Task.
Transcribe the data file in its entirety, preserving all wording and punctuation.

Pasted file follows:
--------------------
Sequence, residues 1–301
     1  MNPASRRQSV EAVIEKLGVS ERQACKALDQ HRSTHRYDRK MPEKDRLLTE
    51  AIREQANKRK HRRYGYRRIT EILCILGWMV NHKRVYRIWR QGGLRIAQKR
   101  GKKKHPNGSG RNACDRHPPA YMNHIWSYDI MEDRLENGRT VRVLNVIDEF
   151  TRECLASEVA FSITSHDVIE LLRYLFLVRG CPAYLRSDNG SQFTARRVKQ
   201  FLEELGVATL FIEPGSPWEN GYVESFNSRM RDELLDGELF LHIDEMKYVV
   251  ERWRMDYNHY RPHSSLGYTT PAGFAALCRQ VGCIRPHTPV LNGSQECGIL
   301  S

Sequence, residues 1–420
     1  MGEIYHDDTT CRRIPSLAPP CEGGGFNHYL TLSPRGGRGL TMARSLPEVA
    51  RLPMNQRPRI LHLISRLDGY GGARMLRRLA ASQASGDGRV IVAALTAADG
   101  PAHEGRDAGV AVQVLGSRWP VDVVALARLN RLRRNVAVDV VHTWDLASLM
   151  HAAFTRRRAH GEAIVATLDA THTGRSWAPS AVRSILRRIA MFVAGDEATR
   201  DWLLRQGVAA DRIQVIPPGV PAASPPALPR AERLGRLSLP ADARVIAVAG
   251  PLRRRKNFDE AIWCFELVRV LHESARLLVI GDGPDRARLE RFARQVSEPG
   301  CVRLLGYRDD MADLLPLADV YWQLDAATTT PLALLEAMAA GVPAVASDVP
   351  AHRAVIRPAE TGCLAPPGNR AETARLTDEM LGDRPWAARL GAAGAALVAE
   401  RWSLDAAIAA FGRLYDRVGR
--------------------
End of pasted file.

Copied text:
Sequence, residues 1–301
     1  MNPASRRQSV EAVIEKLGVS ERQACKALDQ HRSTHRYDRK MPEKDRLLTE
    51  AIREQANKRK HRRYGYRRIT EILCILGWMV NHKRVYRIWR QGGLRIAQKR
   101  GKKKHPNGSG RNACDRHPPA YMNHIWSYDI MEDRLENGRT VRVLNVIDEF
   151  TRECLASEVA FSITSHDVIE LLRYLFLVRG CPAYLRSDNG SQFTARRVKQ
   201  FLEELGVATL FIEPGSPWEN GYVESFNSRM RDELLDGELF LHIDEMKYVV
   251  ERWRMDYNHY RPHSSLGYTT PAGFAALCRQ VGCIRPHTPV LNGSQECGIL
   301  S

Sequence, residues 1–420
     1  MGEIYHDDTT CRRIPSLAPP CEGGGFNHYL TLSPRGGRGL TMARSLPEVA
    51  RLPMNQRPRI LHLISRLDGY GGARMLRRLA ASQASGDGRV IVAALTAADG
   101  PAHEGRDAGV AVQVLGSRWP VDVVALARLN RLRRNVAVDV VHTWDLASLM
   151  HAAFTRRRAH GEAIVATLDA THTGRSWAPS AVRSILRRIA MFVAGDEATR
   201  DWLLRQGVAA DRIQVIPPGV PAASPPALPR AERLGRLSLP ADARVIAVAG
   251  PLRRRKNFDE AIWCFELVRV LHESARLLVI GDGPDRARLE RFARQVSEPG
   301  CVRLLGYRDD MADLLPLADV YWQLDAATTT PLALLEAMAA GVPAVASDVP
   351  AHRAVIRPAE TGCLAPPGNR AETARLTDEM LGDRPWAARL GAAGAALVAE
   401  RWSLDAAIAA FGRLYDRVGR